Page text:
Subarachnoid Hemorrhage-Related Conditions
Subarachnoid hemorrhage occurs when blood leaks into the space between two of the membranes surrounding the brain. Naturally, no parent wants to think about their newborn baby suffering trauma to the brain, but, if your infant experiences a hemorrhage, you need to be aware that there is a risk of developing further problems, or related conditions.Get A 100% Free CASE Evaluation
The Main Subarachnoid Hemorrhage-Related Conditions
A brain aneurysm is a serious early complication of this type of hemorrhage. When the aneurysm bursts once it has already healed, it is referred to as re-bleeding. The risk is highest a few days within the first hemorrhage and can carry a high risk of permanent disability.
Hydrocephalus occurs when there is a build-up of fluid in the brain. The build-up increases pressure, leading to brain damage. In turn, this can cause a variety of symptoms in babies, including being sick and weak.
Hydrocephalus tends to be common after a subarachnoid hemorrhage since the damage caused by the bleeding on the infant’s brain can disrupt the production and drainage of essential cerebrospinal fluids. This, in turn, leads to increased quantities of fluid around the baby’s brain.
Cerebrospinal fluid is a colorless, clear fluid that surrounds and supports the spinal cord and brain. A constant supply of new fluid is produced in the brain, while old fluid drains into blood vessels. Hydrocephalus may be treated with a temporary tube being surgically implanted into the brain in order to drain excess fluid.
3. Delayed Cerebral Ischemia
Also known as vasospasm, this is another common complication of an infant’s brain trauma. It occurs when the supply of blood to the brain becomes too low and disrupts normal brain functioning, leading to brain damage. It is also common a few days after the initial hemorrhage.
Vasospasm involves the blood vessels going into spasm, resulting in the vessels narrowing. Common symptoms include drowsiness and weakness on one side of the body.
Long-Term Complications That May Occur
There are several long-term complications that may affect babies after a hemorrhage.
1. Emotional Problems
Emotional problems can take a variety of forms, including:
- Anxiety disorder – a baby may develop an anxiety disorder, feeling a constant sense of dread and anxiety as he or she grows up.
- Depression – a baby, may grow up with feelings of hopelessness.
Around 1 in 20 people who have had a subarachnoid hemorrhage develop epilepsy. Epilepsy is a condition where the normal workings of the brain are interrupted, causing a child to have repeated seizures.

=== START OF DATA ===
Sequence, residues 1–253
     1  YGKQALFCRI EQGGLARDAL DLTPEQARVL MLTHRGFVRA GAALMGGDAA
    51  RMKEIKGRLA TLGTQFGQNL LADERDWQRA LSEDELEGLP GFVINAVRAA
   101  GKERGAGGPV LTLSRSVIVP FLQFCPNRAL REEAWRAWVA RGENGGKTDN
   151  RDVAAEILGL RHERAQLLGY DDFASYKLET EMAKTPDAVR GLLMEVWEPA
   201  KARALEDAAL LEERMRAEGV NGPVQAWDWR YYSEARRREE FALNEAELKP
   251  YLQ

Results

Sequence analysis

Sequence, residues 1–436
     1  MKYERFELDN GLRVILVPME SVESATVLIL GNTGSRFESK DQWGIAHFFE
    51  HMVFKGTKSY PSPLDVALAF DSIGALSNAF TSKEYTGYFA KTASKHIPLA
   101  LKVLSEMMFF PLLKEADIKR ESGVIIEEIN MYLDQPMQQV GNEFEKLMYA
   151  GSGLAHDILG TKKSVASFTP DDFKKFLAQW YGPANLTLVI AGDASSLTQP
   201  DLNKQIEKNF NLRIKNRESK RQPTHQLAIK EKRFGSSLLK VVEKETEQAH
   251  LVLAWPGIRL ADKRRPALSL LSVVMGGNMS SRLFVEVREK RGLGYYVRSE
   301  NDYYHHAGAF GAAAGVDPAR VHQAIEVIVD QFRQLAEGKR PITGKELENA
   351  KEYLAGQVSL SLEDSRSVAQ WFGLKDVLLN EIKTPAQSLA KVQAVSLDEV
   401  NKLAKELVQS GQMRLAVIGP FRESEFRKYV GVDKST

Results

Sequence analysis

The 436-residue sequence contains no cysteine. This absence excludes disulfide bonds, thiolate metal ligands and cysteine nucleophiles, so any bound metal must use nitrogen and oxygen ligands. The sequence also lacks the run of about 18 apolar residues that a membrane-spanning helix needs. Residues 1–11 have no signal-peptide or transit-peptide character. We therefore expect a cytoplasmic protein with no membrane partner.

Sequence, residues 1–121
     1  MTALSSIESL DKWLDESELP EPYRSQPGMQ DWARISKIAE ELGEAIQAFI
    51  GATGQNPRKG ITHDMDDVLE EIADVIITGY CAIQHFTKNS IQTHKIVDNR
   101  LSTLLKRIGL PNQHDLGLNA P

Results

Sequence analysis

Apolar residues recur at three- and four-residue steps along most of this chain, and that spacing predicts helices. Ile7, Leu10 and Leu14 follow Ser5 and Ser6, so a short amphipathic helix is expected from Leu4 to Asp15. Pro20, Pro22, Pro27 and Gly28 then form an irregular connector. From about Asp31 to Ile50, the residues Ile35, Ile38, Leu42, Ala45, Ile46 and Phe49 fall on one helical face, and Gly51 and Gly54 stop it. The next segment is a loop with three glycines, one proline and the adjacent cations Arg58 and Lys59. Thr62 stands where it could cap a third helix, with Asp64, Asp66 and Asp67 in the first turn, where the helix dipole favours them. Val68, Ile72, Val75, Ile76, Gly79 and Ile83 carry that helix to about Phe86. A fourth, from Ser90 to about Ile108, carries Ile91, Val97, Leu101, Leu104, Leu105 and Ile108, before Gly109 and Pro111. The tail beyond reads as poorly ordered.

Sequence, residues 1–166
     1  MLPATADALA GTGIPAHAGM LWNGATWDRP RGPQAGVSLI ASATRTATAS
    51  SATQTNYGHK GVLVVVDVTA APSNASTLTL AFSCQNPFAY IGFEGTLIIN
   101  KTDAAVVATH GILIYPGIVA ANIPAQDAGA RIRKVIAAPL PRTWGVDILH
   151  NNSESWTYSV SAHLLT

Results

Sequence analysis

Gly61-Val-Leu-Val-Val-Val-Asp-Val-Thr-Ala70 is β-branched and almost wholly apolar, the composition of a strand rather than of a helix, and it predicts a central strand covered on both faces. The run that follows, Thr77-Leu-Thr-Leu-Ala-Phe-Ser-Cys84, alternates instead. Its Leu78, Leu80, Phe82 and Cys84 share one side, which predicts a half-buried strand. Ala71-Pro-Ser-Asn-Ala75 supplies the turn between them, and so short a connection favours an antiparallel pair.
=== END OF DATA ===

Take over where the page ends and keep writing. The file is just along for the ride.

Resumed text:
There are different kinds of seizures, and the symptoms tend to vary. As a child who has had bleeding on the brain grows up, he or she may lose consciousness during a seizure, become stiff or shake, and have muscle contractions. Typically, seizures last from seconds to a few minutes before the child’s brain activity returns to normal.
In most instances of epilepsy after a hemorrhage, the first seizure will occur in the infant in the first year after the hemorrhage.
3. Cognitive Dysfunction
This occurs when a child experiences difficulties with one or more brain functions, such as his or her memory. Cognitive dysfunction is one of the most common subarachnoid hemorrhage related conditions that affects most people to some kind of degree. It can take a number of forms, including:
- Problems with tasks that require a degree of planning – even simple tasks, like your child learning to make a cup of tea can be difficult, and frustrating for him or her
- Problems with attention or concentration
- Problems with memory – a child who has had a hemorrhage as an infant may experience problems with his or her memory as he or she grows up.
Treating Related Conditions of Subarachnoid Hemorrhages in Infants
The abovementioned conditions have each their own form of treatment, from occupational and physical therapy to medication, surgery, and speech and memory therapy. Hypothermia therapy, or cooling therapy, for newborns who hemorrhage can help to minimize future brain injury and impairments, and even prevent death.
The therapy involves cooling the baby’s temperature to delay cell death, and in turn delay and prevent developmental delays, and even cerebral palsy. There are two common kinds of cooling techniques: whole body cooling where the baby is placed on a waterproof blanket, and head cooling with the use of a cool cap.
Overall, if a baby experiences bleeding on the brain at birth, it is imperative that swift measures are taken to prevent future brain injury-related conditions.